Mental health patients entitled to compensation for detention delays

Patients detained under the Mental Health Act are entitled to
compensation if there are delays in reviewing their cases, the high
court has ruled in a landmark decision, writes Craig

A judge awarded damages of between £750 and £4,000 to
six patients who had been detained for up to 27 weeks because of a
shortage of panel members on mental health review tribunals.

At an earlier hearing in the case last May, Mr Justice Stanley
Burton had ruled that delays and repeated adjournments of tribunal
hearings were in breach of the European Convention of Human

Adding the right to claim compensation last week, Judge Burton
acknowledged that the ruling was likely to open the floodgates to
similar applications.

Benjamin Conroy, solicitor for the patients, said the decision
had wider implications than mental health. ‘This ruling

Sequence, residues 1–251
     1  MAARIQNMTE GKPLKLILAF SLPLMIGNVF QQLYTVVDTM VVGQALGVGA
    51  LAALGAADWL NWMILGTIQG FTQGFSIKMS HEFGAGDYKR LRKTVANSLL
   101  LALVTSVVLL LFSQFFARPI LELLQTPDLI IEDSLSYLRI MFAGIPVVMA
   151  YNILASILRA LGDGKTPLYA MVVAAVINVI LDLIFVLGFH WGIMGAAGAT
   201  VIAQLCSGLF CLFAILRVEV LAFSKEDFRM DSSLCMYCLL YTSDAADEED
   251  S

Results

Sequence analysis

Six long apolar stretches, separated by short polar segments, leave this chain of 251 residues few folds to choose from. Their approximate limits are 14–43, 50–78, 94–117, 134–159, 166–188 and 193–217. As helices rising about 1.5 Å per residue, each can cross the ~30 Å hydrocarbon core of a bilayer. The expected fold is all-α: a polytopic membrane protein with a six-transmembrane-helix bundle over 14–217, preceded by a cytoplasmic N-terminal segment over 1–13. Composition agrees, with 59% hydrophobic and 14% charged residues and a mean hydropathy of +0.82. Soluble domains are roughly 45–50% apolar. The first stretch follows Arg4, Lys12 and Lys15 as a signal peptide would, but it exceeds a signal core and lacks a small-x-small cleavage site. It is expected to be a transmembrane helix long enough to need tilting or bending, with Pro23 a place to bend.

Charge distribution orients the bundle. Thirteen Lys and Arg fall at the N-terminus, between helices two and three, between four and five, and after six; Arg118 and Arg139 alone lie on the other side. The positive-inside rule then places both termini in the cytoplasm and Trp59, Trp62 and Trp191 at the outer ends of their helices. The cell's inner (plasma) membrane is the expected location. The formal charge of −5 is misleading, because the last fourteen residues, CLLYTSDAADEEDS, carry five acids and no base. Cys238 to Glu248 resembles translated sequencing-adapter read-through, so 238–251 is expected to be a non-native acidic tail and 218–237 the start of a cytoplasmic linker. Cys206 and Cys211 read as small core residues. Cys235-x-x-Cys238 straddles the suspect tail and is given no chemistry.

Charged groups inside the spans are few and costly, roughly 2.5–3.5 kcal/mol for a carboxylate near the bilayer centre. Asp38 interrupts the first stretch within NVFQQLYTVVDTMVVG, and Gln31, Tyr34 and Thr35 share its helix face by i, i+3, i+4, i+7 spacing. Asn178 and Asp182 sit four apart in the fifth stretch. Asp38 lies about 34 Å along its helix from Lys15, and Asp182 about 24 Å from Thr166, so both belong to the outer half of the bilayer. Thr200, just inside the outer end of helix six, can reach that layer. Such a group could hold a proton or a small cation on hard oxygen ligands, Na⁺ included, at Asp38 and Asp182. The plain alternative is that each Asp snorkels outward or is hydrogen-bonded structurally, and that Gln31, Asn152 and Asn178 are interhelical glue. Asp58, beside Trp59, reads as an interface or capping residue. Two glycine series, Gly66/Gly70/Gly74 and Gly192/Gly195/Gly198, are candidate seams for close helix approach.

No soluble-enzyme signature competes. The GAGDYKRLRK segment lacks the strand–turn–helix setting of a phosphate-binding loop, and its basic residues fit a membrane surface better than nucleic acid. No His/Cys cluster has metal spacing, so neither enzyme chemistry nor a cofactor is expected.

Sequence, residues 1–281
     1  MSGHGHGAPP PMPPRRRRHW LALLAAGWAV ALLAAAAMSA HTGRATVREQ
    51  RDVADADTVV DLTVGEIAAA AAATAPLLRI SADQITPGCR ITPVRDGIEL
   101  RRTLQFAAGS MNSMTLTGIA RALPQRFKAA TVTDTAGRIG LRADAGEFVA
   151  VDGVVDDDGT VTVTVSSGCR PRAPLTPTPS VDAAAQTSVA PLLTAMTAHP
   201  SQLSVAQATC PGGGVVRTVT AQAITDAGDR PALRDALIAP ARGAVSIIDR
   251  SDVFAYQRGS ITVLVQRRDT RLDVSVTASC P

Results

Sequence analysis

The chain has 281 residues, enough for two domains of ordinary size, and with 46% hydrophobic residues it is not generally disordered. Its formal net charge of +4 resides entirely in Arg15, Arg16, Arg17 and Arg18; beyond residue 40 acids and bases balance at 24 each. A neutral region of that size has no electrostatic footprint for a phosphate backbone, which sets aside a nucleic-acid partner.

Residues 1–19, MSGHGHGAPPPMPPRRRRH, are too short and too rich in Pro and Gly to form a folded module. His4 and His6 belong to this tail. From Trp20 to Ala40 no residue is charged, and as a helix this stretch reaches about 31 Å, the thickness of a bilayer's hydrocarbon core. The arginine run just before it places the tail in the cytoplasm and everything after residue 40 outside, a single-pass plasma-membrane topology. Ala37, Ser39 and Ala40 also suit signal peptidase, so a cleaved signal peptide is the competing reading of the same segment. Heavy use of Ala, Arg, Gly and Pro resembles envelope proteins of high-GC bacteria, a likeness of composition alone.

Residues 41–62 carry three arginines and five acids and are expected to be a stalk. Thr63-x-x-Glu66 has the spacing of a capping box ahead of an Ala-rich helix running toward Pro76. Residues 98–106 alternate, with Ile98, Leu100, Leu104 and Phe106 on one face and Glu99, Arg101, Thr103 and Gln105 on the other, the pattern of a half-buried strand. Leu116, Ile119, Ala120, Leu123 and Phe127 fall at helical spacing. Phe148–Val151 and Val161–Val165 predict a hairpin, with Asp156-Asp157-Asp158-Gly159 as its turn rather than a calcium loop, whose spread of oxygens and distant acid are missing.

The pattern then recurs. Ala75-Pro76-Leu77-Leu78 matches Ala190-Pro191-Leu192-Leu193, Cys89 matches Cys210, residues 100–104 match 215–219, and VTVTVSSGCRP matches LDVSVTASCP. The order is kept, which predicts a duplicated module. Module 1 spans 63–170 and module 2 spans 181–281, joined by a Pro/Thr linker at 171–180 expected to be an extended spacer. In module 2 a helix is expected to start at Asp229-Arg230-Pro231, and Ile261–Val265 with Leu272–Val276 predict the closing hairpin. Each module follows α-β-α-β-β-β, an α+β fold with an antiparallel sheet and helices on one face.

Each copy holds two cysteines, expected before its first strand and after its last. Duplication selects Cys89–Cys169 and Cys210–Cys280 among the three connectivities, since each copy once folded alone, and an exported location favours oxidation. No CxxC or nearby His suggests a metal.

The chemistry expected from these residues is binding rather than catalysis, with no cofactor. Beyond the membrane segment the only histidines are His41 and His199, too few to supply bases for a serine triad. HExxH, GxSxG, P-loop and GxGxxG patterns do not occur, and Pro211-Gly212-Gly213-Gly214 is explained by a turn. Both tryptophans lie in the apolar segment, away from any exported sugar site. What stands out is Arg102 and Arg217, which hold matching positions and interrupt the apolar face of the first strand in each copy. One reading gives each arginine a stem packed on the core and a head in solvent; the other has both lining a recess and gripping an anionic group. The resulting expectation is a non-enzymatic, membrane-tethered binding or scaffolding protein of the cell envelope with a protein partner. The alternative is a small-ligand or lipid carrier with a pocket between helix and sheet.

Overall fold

affects parole boards, police stations, the courts – anywhere
where a person is compulsorily detained.’

In a separate high court case, a psychiatric patient who claimed
he was unlawfully detained for eight months had his compensation
claim rejected. It took eight months for social workers from
Doncaster council to find a suitable supervised hostel for the man,
in his 20s, once he was deemed fit for discharge from hospital.

But given the man’s violent history, Judge Burton found
that his caseworker had acted reasonably, and professionally in
objecting to his release until the right accommodation was

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